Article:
Martina Rutherford receives dialysis treatment in March at Fresenius Medical Care in Peoria, Ill., a four-hour process that she must endure three times a week. Rutherford donated a kidney to her sister, Dorothy Davis, back in 1985 and now needs on herself. Dorothy was Peoria's first kidney transplant.
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SAN FRANCISCO — No matter what else is happening in his life, David Anderson knows he cannot go far from the dialysis machine that sustains him.
Jobs, vacations, get-togethers with friends — everything takes a back seat to his thrice-weekly treatments that do the work of his failing kidneys.
But across town, University of California-San Francisco researchers are using Silicon Valley technology to create a device they hope can untether the 63-year-old San Franciscan and 380,000 other Americans who rely on dialysis to cope with kidney disease.
They’re developing an implantable, artificial kidney that would shrink the refrigerator-size dialysis machine into a device the size of a coffee cup and perform functions a dialysis machine cannot do.
Anderson, who has been on dialysis more than five years. said he would gladly be the first test case. “I wouldn’t hesitate for a second,” he said. “It’s just amazing. You want to live long enough to see some of this in place.”
The device has shown such promise that the U.S. Food and Drug Administration last year selected it as one of three projects for a special fast-track approval process. Researchers hope it will be ready for human trials in 2017.
“We realized we could achieve a dialysis filter that would be one-twentieth the size of what’s commercially available, and would require so little power that we could drive it just off blood pressure alone,” said Shuvo Roy, a UCSF associate professor of bioengineering and therapeutic sciences. Researchers are using silicon nanotechnology to design the special filter.
Roy is leading a team of 40 scientists working on the project at nine institutions around the country.
He believes the device has the potential to save the federal Medicare program millions of dollars.
A room-size, external model of the technique was shown to work for very sick patients at the University of Michigan.
More than 600,000 Americans, and nearly 2 million people worldwide, have end-stage renal disease, the complete or nearly complete failure of kidneys.
For decades, little has changed in the treatments available, even though the number of patients is rising by 5 percent a year, mainly because of growing rates of diabetes and high blood pressure.
The best option for those with failing kidneys is a kidney transplant. But not nearly enough organs are available. With more than 95,000 people on a waiting list, and about 18,000 kidney transplants each year, most people are left out.
In 2011, nearly 5,000 people died while awaiting kidney transplants.
That leaves dialysis to help keep people alive until a transplant becomes available. But it is a less-than-ideal solution.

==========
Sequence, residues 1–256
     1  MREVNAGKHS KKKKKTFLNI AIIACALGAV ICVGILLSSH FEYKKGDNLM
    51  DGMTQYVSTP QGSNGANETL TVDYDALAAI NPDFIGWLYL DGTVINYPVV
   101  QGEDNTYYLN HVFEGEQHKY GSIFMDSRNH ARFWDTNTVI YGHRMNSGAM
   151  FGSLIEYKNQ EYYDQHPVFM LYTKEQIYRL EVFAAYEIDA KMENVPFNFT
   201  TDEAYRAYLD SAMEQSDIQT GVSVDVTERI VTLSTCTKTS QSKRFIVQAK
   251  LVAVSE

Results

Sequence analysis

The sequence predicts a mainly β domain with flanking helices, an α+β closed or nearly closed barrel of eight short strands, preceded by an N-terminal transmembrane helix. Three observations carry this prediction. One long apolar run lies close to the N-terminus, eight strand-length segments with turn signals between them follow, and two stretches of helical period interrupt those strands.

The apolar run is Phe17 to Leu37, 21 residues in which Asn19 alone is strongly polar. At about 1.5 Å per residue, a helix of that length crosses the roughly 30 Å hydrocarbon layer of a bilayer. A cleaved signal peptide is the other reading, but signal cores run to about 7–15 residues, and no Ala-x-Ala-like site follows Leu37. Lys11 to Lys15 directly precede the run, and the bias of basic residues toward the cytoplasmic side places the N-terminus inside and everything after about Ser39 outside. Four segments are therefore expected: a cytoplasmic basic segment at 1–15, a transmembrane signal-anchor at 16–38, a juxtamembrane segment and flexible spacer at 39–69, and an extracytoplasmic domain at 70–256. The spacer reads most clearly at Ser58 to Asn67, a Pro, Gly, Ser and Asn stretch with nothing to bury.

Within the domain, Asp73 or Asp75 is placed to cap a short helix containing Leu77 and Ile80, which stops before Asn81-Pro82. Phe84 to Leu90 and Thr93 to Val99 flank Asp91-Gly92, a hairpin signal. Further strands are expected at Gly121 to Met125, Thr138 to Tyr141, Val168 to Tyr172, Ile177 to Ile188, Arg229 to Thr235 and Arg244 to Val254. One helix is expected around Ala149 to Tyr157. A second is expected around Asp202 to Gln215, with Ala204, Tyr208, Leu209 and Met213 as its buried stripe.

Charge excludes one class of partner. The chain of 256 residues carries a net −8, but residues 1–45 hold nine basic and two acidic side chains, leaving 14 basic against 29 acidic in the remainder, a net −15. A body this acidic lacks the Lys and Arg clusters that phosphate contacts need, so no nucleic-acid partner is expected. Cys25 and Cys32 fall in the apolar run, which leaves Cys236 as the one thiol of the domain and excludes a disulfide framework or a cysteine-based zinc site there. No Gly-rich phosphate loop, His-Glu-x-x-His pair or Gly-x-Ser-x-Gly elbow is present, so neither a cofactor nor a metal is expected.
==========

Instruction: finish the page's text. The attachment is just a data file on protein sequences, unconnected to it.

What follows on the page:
If Anderson misses even one of his 3 ½-hour sessions, his body lets him know. His diseased kidneys allow toxins, waste, and fluids to accumulate, a risky condition that makes him feel bloated and terrible.
"Your blood pressure goes up; it's a dangerous business," he said.
Many people who undergo dialysis have other health issues, including heart and circulation problems, notes Dr. Lynda Frassetto, a UCSF professor of medicine.
"You're just barely doing OK," Frassetto said. "You have to follow a very strict diet. You have to be careful about the fluid you take in."
In the artificial kidney, blood brought into one side of the device passes through a silicon filter that removes toxins, sugars, salts and water, creating an "ultrafiltrate," Roy explained.
The filtrate would move to the other side of the device, where actual kidney cells would reabsorb the water, sugars and salts back into the bloodstream, mimicking a real kidney's metabolic and water-balancing roles in a way that dialysis cannot. The team obtains the kidney cells from organs rejected for transplantation.
Because the kidney cells in the device would be separated from the immune components of a patient's blood, the researchers believe it would not trigger a rejection, relieving patients from the costly necessity of immune-suppressing drugs.
Roy noted that kidney disease takes a huge bite out of the nation's health care budget. Medicare covers the cost of dialysis for many people, and it is a hefty expense: $82,000 or more annually per patient. A kidney transplant surgery runs $50,000 to $100,000.
All told, end-stage kidney disease costs Medicare $33 billion per year.
Roy hopes an artificial kidney could be manufactured for $30,000 or less. Testing in animals could begin by about 2016, but it would probably be 2020 or later before the device, if proved effective, could become a routine therapy.
Last April, the FDA selected the artificial kidney for its Innovation Pathway, a pilot program to help medical devices reach patients faster, while ensuring their safety.
It will cost about $20 million to develop the artificial kidney and take it through its first clinical trial, Roy estimated. So far, the team has grants and gifts of about $7 million.
Anderson has been watching the developments with excitement. He has been undergoing dialysis since December 2007 — his second stint on the treatment. Before that, he had a transplanted kidney that lasted four years until it failed.
Anderson has toured Roy's lab and is eager to see what changes may come.
"It's really a cutting-edge project," he said. "You realize just what a complicated thing they're putting together. You think: Why can't I get this tomorrow?"